The last million years in Worcestershire has been marked by an amazing diversity of animals, large and small, as the climate fluctuated between icy glacials and warmer interglacials. As temperatures rose species were able to expand into new areas, before being pushed back further south as the climate turned colder.
During warm interglacials, herds of horses, bison and aurochs would have roamed the open grasslands of Britain. Beavers and dolphins swam in our rivers; at the height of the Hoxnian Interglacial (around 400,000 years ago) oak forests were home to deer and macaque monkeys.
Lions, bears, wolves and early humans would have hunted large animals like rhinoceros and the straight tusked elephant. Straight tusked elephants are now extinct but they were once the largest Ice Age animal of all, twice as large as elephants today and even bigger than a mammoth. They could grow to four metres in height, ten tonnes in weight and their straight tusks could grow to over three metres in length.
Around 130,000 – 115,000 years ago, a particularly warm interglacial allowed tropical species to live in Britain. Hippopotamus bones have been found in Worcestershire at Eckington, Bengeworth and Stourbridge. Spotted hyenas, lions and narrow-nosed rhinoceros are also known to have lived in Britain during this time.
In comparison, glacial Worcestershire was populated by animals suited to cold, arctic conditions. With the exception of the brutally cold Anglian glaciation around 480,000 years ago – when two-thirds of Britain was under several hundred meters of ice – plants and animals were able to live and thrive here during glacial periods. Animals like the woolly rhinoceros, bison, musk ox, reindeer and the Irish elk, which had the largest antlers of any animal that ever lived (three and a half metres from tip to tip), were all residents of snowy Ice Age landscapes.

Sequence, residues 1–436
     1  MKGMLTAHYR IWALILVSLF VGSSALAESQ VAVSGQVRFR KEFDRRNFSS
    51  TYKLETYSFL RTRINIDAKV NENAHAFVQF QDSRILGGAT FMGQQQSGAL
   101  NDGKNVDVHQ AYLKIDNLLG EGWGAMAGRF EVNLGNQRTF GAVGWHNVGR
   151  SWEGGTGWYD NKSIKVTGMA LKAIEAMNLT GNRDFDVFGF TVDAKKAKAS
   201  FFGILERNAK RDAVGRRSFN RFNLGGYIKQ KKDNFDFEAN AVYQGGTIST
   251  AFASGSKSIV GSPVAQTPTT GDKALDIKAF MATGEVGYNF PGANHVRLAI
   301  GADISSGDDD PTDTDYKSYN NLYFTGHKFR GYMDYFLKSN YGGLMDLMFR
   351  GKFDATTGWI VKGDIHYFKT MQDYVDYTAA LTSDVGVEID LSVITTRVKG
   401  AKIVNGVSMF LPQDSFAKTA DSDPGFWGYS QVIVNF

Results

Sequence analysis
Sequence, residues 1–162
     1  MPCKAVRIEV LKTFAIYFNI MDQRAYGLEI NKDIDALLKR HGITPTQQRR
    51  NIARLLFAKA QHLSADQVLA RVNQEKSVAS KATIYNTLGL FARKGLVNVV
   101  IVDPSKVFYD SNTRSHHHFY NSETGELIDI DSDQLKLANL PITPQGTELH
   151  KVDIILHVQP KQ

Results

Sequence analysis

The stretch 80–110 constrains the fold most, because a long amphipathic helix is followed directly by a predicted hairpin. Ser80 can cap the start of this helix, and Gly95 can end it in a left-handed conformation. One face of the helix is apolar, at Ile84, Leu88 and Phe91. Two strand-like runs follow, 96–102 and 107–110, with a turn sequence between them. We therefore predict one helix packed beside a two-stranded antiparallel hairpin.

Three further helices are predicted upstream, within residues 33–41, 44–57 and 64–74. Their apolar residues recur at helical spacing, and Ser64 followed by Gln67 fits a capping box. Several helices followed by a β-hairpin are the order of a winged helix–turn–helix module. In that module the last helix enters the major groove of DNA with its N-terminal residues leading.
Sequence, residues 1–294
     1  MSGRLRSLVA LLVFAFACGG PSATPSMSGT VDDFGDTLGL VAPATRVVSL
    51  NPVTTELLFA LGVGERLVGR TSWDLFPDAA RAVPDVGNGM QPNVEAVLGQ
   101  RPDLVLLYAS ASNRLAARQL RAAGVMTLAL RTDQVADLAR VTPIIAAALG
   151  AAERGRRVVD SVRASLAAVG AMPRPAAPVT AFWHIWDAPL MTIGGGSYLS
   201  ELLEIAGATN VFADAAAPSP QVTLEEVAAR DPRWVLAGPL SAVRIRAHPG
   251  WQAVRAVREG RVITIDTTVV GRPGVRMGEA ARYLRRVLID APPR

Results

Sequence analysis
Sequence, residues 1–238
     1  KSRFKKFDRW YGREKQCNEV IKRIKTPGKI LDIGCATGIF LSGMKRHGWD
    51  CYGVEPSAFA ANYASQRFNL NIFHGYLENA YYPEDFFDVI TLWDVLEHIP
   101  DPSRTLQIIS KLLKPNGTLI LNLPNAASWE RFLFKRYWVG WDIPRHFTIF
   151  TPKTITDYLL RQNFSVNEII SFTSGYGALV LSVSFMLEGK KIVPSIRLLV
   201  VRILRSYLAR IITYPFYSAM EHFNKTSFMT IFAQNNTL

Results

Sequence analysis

However, it is the mammoth that is the best known of all Ice Age glacial animals. Early ancestral mammoths first came into Europe around three million years ago, followed by the steppe mammoth, which lived until about 400,000 years ago, then finally the woolly mammoth. This last, most well known species of mammoth could grow to over three metres in height and weighed six tonnes. Their tusks are known to have reached two and a half metres in length and, just like a tree, would grow every year in rings. To insulate them from the icy conditions, their coats consisted of a short underlayer covered by an overcoat of longer guard hairs.
But the story of Worcestershire’s Ice Age animals is not quite as clear cut as it first appears. ‘Millicent’ mammoth, discovered in 1990 at Strensham Service along the M5, was found in with deposits containing cold-adverse mollusc species; showing Millicent lived in open grassland with a climate similar to Britain’s today. Whilst we tend to picture mammoths walking across deep snow, they could survive in more temperate climes – to a point. As the world began to warm up after the last glacial, which reached its peak around 21,000 years ago, the habitat and numbers of mammoths and other Ice Age animals dwindled. Human hunters further reduced these populations. The very last mammoths known in Northern Europe were found in 1986 at Condover, Shropshire. They died 14,000 years ago.